Nick Crocker’s seen it again and again: Bad times are good for gold. With every blow to the economy – from the mortgage crisis to the failure of economic giants to plummeting stock values – the solidity of gold shines brighter for some investors, said Crocker, who’s owned the Coin Corner in Spokane Valley for 29 years.
News >  Spokane

College, custom-built

When Brian Campbell heads to college this fall, he’ll be driving five days a week between Spokane and Cheney. His wife, Heather, will head to her home computer – a trip that’s a good bit more fuel-efficient.
News >  Spokane

WSU, EWU chiefs rewarded

Times are lean at Washington’s public universities. Hiring is frozen or nearly so at both Washington State and Eastern Washington universities. Travel budgets have been slashed. Administrators are looking to pinch pennies anywhere they can. But one area that hasn’t come in for the austerity treatment is presidential salaries. At WSU, President Elson Floyd was just given a 21 percent raise after his first year on the job – a boost that takes his annual salary to $725,000 and puts him in the same league as University of Washington President Mark Emmert, one of the best-paid college presidents in the nation.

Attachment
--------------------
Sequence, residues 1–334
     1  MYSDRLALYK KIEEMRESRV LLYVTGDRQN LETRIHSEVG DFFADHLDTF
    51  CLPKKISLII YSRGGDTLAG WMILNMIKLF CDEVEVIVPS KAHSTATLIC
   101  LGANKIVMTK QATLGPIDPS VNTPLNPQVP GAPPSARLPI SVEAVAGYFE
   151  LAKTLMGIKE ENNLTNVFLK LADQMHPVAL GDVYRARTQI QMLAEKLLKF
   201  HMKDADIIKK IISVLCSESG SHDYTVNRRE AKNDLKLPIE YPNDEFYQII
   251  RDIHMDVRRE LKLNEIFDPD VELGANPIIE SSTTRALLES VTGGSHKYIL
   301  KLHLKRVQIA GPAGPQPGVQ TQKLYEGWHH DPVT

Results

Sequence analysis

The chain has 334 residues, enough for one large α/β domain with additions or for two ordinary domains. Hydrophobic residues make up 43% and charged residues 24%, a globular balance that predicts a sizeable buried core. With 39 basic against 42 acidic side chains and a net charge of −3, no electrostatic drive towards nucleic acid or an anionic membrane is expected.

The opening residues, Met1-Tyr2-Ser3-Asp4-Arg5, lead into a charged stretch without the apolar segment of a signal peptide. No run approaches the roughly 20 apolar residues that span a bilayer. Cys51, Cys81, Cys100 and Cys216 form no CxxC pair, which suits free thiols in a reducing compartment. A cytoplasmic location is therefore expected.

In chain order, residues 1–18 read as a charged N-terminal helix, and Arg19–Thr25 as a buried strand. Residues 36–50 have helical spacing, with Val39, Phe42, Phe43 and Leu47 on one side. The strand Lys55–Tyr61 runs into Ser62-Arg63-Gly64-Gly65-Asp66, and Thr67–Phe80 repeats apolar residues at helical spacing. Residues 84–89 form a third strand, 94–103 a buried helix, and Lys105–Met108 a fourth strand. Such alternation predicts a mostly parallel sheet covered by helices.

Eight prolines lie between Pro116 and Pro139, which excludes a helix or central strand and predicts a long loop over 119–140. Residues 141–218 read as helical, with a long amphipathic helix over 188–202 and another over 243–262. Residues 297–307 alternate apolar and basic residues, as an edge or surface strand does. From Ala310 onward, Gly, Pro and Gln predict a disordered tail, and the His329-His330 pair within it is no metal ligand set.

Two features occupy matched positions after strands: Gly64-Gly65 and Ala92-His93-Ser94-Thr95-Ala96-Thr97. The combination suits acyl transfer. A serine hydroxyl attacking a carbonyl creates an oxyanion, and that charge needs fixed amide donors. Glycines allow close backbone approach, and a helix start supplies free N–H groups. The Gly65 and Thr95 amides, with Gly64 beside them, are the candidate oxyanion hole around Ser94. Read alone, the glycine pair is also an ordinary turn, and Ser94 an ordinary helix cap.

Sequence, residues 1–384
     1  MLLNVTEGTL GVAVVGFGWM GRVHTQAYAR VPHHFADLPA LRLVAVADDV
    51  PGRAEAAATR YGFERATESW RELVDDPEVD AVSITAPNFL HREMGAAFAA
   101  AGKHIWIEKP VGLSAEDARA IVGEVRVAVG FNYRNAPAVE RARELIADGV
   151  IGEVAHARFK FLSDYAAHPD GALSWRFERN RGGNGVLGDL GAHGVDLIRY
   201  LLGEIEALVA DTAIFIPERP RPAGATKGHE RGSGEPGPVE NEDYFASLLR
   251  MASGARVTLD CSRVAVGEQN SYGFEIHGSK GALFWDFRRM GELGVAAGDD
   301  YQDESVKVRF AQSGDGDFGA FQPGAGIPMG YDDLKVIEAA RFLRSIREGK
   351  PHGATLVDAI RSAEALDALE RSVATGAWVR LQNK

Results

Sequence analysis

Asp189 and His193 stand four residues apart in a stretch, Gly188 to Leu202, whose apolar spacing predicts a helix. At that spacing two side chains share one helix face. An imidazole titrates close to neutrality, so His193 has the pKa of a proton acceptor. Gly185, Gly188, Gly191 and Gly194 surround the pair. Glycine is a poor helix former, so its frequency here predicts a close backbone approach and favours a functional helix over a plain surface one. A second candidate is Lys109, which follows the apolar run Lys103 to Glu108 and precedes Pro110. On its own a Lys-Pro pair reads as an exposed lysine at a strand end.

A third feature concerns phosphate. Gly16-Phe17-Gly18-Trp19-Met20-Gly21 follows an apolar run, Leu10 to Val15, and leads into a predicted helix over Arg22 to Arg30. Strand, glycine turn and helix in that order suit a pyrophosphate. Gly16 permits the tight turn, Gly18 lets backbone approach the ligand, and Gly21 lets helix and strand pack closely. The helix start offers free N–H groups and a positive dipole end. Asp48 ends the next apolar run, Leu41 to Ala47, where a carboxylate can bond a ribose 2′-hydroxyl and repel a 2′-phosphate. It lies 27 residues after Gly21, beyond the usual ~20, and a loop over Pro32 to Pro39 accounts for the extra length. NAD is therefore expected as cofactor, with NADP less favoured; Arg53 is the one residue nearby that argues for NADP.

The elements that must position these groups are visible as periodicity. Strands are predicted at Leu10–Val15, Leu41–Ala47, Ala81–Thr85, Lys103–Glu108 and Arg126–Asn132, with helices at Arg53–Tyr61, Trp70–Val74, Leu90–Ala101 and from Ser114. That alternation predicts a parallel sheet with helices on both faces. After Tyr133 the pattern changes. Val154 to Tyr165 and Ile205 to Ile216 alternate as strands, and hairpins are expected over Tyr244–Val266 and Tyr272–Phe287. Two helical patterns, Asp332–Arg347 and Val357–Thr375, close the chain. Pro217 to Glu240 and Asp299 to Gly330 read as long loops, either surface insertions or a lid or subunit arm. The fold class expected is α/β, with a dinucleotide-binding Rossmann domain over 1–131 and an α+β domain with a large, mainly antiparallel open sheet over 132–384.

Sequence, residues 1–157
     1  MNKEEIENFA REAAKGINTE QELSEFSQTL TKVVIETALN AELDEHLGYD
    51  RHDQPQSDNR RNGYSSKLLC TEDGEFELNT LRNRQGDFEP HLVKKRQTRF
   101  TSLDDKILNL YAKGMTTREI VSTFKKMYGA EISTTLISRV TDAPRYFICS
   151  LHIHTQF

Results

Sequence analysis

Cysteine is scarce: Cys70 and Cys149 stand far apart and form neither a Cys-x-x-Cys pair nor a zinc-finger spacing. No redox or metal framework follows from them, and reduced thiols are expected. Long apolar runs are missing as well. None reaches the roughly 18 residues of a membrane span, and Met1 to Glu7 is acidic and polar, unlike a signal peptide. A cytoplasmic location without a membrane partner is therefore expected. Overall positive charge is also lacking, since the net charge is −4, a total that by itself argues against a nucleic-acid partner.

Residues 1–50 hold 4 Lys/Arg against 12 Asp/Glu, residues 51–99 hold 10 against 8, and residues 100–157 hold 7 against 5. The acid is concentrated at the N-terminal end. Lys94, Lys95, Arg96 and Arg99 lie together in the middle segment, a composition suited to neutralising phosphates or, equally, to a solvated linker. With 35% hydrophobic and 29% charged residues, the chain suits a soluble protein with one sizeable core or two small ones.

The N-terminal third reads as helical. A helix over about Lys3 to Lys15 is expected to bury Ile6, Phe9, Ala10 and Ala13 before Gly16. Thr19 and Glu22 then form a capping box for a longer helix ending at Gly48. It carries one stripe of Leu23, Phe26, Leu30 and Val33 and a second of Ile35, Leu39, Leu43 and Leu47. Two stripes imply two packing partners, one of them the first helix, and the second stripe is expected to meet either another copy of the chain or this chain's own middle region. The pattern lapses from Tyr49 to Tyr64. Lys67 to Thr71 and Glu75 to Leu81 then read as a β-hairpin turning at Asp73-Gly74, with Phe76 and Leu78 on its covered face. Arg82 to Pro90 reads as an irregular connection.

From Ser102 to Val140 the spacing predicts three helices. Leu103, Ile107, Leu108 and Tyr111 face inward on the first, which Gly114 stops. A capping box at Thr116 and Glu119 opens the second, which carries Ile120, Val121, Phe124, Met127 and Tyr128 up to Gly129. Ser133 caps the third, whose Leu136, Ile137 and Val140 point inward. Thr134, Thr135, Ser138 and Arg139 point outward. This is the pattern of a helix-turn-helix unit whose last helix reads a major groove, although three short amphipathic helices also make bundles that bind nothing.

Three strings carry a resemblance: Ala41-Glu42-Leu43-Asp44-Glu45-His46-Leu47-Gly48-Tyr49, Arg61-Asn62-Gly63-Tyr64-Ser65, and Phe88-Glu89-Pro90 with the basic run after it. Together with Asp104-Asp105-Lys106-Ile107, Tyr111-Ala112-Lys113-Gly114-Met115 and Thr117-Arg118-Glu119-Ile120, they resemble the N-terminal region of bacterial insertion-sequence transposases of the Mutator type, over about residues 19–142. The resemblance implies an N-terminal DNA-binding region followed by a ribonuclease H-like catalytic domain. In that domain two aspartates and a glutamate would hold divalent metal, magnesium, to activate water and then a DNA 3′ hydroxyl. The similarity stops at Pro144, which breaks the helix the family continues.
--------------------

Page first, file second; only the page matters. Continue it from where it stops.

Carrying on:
News >  Spokane

Spokane soldier, 23, killed in Iraq

Rose Marie Alfonso said she was prepared for some kinds of bad news when her husband, Carlo, deployed to Iraq. Post-traumatic stress disorder, perhaps. Struggling to return to civilian life.
News >  Spokane

Colleges resist lower drinking age

A mini-movement among college presidents to consider a lower drinking age isn’t catching on among university leaders in the Inland Northwest. None of the college presidents in Eastern Washington or North Idaho has signed the Amethyst Initiative, an effort that declares the 21-year-old drinking age a failure and urges lawmakers to consider changing it. Some 129 college presidents have signed the initiative, including the top leaders at Duke, Dartmouth and Ohio State.
News >  Spokane

Area colleges getting greener

A garden that lives on rainwater. A no-till wheat field on campus. Campaigns against plastic bottles and paper cups. From cafeterias to research labs, the region’s colleges are making environmental practices and programs a growing priority in every corner of campus life.
News >  Spokane

For big vehicle fleets, eliminating lefts is right

When your annual gasoline bills reach into the millions, every little bit helps. That’s why operators of large vehicle fleets, from the post office to school districts, are examining routes to eliminate the scourge of left-hand turns.